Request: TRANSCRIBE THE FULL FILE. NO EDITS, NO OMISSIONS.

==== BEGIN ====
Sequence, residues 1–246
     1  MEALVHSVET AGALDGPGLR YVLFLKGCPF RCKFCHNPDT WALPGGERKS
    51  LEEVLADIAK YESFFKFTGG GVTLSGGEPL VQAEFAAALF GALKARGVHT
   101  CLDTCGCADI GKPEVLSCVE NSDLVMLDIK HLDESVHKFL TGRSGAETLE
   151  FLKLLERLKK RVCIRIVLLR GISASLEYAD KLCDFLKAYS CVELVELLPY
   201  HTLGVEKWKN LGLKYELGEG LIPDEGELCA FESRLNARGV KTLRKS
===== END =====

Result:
Sequence, residues 1–246
     1  MEALVHSVET AGALDGPGLR YVLFLKGCPF RCKFCHNPDT WALPGGERKS
    51  LEEVLADIAK YESFFKFTGG GVTLSGGEPL VQAEFAAALF GALKARGVHT
   101  CLDTCGCADI GKPEVLSCVE NSDLVMLDIK HLDESVHKFL TGRSGAETLE
   151  FLKLLERLKK RVCIRIVLLR GISASLEYAD KLCDFLKAYS CVELVELLPY
   201  HTLGVEKWKN LGLKYELGEG LIPDEGELCA FESRLNARGV KTLRKS